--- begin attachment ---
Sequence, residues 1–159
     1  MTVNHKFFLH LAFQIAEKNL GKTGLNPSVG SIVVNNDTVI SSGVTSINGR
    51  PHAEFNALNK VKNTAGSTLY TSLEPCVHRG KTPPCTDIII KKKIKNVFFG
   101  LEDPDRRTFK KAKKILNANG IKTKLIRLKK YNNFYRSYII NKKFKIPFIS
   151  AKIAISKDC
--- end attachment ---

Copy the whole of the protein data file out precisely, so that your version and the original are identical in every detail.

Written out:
Sequence, residues 1–159
     1  MTVNHKFFLH LAFQIAEKNL GKTGLNPSVG SIVVNNDTVI SSGVTSINGR
    51  PHAEFNALNK VKNTAGSTLY TSLEPCVHRG KTPPCTDIII KKKIKNVFFG
   101  LEDPDRRTFK KAKKILNANG IKTKLIRLKK YNNFYRSYII NKKFKIPFIS
   151  AKIAISKDC